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Time to play fetch with FIDO

I recently wrote about multi-factor authentication (MFA) in the context of voiceprint analysis as a biometric authenticator. One authentication method I briefly mentioned was Fast ID Online, or FIDO. It’s gradually picked up momentum as a phishing-resistant technology. Compared to other authenticators — specifically one-time pad (OTP) — it’s still not widely used, even in 2023.

Ars Technica recently wrote about a popular attack vector on MFA: time-based OTP (TOTP), whether it’s delivered by authenticator app, SMS message, or hardware token. Because TOTPs are relatively short — typically six or eight digits — and they are hand-typed in the clear, they’re at risk of being phished or skimmed:

The phishing attack that breached Twilio’s network worked because one of the targeted employees entered an authenticator-generated TOTP into the attacker’s fake login site.

Dan Goodin, Ars Technica, March 14, 2023

The Ars article discusses a Microsoft Security post examining a specific attack on TOTPs, but it critiques the post on an interesting point: the mitigations. Microsoft recommends a number of mitigations, including MFA with FIDO2, but Ars argues that they breeze past that point, instead focusing on other items like threat hunting and conditional access policies:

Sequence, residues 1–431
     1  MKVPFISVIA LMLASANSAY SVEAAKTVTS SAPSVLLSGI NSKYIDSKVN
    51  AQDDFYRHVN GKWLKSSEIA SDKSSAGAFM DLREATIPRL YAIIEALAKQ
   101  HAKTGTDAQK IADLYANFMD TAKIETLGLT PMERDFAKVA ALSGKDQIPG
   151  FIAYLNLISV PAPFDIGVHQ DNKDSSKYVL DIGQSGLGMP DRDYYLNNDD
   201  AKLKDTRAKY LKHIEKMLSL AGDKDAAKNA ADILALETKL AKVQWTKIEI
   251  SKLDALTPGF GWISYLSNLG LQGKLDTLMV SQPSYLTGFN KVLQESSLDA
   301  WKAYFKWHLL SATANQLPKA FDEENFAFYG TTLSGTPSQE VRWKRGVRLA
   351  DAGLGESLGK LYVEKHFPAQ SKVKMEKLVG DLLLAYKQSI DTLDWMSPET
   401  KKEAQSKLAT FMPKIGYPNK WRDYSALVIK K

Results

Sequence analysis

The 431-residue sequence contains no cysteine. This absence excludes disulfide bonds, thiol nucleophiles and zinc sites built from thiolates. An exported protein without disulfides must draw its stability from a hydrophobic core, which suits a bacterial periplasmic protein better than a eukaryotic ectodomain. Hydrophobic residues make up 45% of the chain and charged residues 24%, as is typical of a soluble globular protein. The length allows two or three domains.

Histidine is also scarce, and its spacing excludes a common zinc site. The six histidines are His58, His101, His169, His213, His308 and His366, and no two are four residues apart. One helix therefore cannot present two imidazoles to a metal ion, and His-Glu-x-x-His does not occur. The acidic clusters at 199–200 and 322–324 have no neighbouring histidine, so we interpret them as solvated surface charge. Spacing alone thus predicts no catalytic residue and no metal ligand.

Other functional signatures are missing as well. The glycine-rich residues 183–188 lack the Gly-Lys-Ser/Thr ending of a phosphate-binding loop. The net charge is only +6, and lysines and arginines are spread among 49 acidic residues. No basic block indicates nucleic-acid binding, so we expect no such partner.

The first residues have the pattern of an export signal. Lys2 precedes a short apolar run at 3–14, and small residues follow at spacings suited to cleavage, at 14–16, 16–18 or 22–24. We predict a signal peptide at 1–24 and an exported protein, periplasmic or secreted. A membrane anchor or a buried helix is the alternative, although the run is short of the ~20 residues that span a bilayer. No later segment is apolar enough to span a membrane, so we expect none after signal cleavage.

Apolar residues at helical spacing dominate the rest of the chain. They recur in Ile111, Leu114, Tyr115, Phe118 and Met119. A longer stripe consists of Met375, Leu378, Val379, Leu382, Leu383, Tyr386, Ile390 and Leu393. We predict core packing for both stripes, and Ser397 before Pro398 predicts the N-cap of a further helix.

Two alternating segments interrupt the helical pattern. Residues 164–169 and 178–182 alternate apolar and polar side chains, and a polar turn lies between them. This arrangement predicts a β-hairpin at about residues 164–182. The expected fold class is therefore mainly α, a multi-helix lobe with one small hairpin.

Unfortunately, the post glossed over the most effective measure, which is MFA based on the industry standard known as FIDO2. So far, there are no known credential phishing attacks that defeat FIDO2, making it among the most effective barriers to account takeovers.

Dan Goodin, Ars Technica, March 14, 2023

FIDO is built on public key cryptography. You generate a key pair per service, and the private key remains on the device. It’s not possible to access the private key through device APIs, and even if that were possible, the compromise of a single private key doesn’t lead to a further compromise of other services. Additionally, devices can be configured to require a physical action (e.g. button press) to trigger FIDO authentication, or require separate biometric authentication (e.g. fingerprint) for an additional level of verification.

As Ars and the FIDO Alliance make clear: it’s a superior way to do MFA. I completely agree. And with the advent of FIDO2 and collaboration with the World Wide Web Consortium (W3C) on the Web Authentication (WebAuthn) and Client-to-Authenticator Protocol (CTAP), there’s widespread browser and device support for it.

It’s time for TOTP to go to the dogs. Woof.